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Vehicle Emissions

July 23, 2004 | From Times Wire Reports
California air pollution officials approved a new rule Thursday that will make it illegal to leave diesel-powered trucks and transit buses running idle for longer than five minutes. The California Air Resources Board passed the new restriction in hopes of cutting vehicle emissions of tiny particles linked to respiratory problems, and the gases that help form smog. The rule will take effect next year. Violators will be subject to a $100 fine.
June 16, 2004 | Miguel Bustillo, Times Staff Writer
New car owners would not have to take their vehicles in for a smog check for six years under a proposal by Gov. Arnold Schwarzenegger, although, as part of the bargain, they would be charged twice as much in annual air pollution fees. The governor's proposal would add two years to the current four-year smog check exemption for new cars. But in exchange, owners would have to pay $12 annually to the state during those six years -- twice the current $6 exemption fee.
December 21, 2003 | Gary Polakovic, Times Staff Writer
A new smog rule advocated by the Bush administration would lead to more tailpipe emissions and more years of bad air in Southern California, an environmental group and state air quality officials warn. The administration has attached the rule to a new initiative that governs how much smog is allowed in a community throughout the day. Ozone is the primary ingredient of smog. The initiative was drafted in 1997 by the Clinton administration and is scheduled to take effect in 2005.
September 26, 2003 | Gary Polakovic, Times Staff Writer
The California Air Resources Board adopted new regulations Thursday to curb pollution from lawn mowers, chain saws and leaf blowers, setting the stage for a showdown with Congress over regulatory authority. The Air Resources Board also adopted a regulation that would make California the first state to require retrofitting of garbage trucks to eliminate soot from diesel exhaust.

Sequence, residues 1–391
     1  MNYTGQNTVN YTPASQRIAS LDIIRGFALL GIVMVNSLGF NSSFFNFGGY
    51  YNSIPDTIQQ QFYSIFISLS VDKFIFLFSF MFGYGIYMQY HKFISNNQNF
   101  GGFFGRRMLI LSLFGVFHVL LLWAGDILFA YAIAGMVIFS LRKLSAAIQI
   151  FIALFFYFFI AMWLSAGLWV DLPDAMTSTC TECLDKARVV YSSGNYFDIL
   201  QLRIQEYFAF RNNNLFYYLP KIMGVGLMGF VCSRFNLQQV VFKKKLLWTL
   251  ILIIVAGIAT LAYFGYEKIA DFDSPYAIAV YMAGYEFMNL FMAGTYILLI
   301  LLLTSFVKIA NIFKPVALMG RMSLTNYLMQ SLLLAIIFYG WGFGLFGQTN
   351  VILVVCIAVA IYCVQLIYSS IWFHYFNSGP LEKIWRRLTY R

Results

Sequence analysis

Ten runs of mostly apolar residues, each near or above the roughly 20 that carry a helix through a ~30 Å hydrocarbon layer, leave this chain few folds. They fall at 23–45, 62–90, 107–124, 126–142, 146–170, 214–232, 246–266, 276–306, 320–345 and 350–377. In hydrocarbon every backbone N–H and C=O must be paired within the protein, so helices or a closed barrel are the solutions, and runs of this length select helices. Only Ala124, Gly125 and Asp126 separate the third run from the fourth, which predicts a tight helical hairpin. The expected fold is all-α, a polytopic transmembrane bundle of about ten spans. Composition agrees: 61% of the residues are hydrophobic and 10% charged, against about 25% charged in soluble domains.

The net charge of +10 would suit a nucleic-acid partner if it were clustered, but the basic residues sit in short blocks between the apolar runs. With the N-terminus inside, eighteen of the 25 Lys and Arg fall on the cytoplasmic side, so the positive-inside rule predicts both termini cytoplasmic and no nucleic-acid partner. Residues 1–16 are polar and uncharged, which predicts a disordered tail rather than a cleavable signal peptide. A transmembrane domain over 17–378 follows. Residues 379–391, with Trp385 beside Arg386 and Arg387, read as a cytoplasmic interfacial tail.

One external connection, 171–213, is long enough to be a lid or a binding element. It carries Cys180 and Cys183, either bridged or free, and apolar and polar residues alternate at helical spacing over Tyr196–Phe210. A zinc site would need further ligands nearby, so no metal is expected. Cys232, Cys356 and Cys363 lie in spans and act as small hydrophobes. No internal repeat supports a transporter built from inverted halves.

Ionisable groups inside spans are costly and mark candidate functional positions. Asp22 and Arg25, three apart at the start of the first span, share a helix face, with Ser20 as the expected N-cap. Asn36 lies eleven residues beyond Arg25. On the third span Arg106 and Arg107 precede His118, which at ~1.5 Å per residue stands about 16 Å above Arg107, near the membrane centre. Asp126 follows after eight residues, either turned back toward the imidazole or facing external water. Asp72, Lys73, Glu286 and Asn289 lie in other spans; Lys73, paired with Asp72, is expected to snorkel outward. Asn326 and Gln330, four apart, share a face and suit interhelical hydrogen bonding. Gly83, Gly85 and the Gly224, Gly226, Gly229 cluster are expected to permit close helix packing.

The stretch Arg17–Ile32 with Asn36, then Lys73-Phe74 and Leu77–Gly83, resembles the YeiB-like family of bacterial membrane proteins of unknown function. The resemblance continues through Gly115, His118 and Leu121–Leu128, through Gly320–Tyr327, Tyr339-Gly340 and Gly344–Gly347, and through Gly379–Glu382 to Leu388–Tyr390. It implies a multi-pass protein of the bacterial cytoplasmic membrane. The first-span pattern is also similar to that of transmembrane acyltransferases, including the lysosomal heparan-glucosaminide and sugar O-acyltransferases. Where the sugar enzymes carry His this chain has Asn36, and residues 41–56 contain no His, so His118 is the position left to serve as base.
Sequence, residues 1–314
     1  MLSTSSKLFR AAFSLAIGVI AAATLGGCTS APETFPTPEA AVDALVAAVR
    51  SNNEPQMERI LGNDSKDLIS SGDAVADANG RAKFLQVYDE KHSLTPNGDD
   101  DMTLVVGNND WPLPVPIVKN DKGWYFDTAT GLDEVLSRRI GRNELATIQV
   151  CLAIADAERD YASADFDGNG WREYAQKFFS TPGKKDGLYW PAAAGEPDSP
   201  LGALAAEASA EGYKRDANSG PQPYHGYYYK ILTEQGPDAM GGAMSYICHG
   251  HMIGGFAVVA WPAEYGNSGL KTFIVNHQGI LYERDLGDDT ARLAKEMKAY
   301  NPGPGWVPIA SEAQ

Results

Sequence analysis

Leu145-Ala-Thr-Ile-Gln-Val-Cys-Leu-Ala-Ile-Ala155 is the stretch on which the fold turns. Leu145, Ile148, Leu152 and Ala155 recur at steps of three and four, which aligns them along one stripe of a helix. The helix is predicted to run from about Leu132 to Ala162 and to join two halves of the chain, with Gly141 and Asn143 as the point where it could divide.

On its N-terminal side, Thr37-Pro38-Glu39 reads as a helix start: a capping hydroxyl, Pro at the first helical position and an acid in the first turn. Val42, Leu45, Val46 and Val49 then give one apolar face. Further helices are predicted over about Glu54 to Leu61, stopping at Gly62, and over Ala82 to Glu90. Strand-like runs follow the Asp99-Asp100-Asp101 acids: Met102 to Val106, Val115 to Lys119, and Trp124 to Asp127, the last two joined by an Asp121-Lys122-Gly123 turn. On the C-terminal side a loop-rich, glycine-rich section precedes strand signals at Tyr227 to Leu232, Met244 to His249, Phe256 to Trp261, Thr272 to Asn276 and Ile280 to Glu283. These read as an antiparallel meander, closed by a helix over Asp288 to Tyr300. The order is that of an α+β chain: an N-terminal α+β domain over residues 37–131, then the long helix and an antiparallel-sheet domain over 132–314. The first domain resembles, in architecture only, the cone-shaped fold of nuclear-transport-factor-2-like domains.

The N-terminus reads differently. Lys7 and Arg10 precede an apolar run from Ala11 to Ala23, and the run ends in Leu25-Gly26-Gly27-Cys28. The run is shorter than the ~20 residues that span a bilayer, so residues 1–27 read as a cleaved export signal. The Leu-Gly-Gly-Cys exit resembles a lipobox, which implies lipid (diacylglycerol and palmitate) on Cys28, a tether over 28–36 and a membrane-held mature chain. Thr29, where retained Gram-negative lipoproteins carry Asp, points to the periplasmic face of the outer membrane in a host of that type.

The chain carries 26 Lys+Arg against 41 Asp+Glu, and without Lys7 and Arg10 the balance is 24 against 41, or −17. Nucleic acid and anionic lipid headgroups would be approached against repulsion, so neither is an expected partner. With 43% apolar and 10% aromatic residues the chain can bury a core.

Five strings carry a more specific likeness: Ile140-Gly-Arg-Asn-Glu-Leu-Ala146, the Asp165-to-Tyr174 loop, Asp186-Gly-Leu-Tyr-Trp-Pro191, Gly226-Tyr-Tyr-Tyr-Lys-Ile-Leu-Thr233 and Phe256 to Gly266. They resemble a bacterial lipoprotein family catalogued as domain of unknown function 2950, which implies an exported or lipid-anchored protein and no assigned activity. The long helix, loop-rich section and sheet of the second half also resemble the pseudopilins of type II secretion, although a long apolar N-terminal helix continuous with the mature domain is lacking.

August 29, 2003 | Aaron Zitner, Gary Polakovic and Elizabeth Shogren, Times Staff Writers
The Environmental Protection Agency said Thursday it would not force automakers, oil companies or others to reduce "greenhouse gas" emissions from automobiles, a decision that may complicate efforts by California and other states to limit the release of carbon dioxide. The EPA denied a 1999 petition from environmental groups, which had asked the agency to use its powers under the Clean Air Act to regulate carbon dioxide and other emissions from new vehicles.
July 16, 2003 | Gary Polakovic, Times Staff Writer
Southern California smog fighters, who have succeeded for a generation in achieving dramatic improvements in air quality, now face a daunting future -- air quality has taken a turn for the worse at a time when most of the needed emissions reductions are largely outside their control. For the region to meet even the most minimally protective air pollution standards, overall emissions must be slashed by about 50% in just seven years.
July 7, 2003 | From Times Wire Services
The Environmental Protection Agency is investigating whether the state misrepresented the progress of its auto emissions testing program and allowed polluting vehicles to remain on the road. Since the state adjusted its testing software in 2001, 4% to 5% of cars and light trucks tested have failed -- well below the expected failure rate of 10% to 15%. According to documents obtained by the Boston Globe, the test is not accurately measuring nitrogen oxides, which contribute to air pollution.
May 31, 2003 | John O'Dell, Times Staff Writer
General Motors Corp. said Friday that it has begun talks with the state in hopes of settling state and federal lawsuits it filed to block California's zero-emission-vehicle mandate. The suits were filed last year by GM, the world's largest carmaker, and DaimlerChrysler. The carmakers argued that the ZEV mandate was an effort to force them to sell battery-powered electric vehicles for which, they said, there was no market.
February 7, 2003 | James Gerstenzang, Times Staff Writer
WASHINGTON -- The proposals were perhaps the two biggest surprises in President Bush's State of the Union speech last week: a big nudge by the government to get Detroit to produce environmentally clean cars that would wean Americans from gas-guzzling vehicles, and a massive U.S. effort to fight AIDS around the world. Sound familiar? They should. Each took root during the Clinton administration and became part of Vice President Al Gore's 2000 presidential campaign.
January 14, 2003 | Dan Weikel, Times Staff Writer
An experimental program that lets motorists tap a pool of electric cars at the Irvine train station is gaining popularity among Orange County companies and institutions interested in alternative means of transportation. The pilot project allows commuters and their employers to share as many as 50 low-emission vehicles for trips to and from the Irvine Transportation Center and for errands during the workday.
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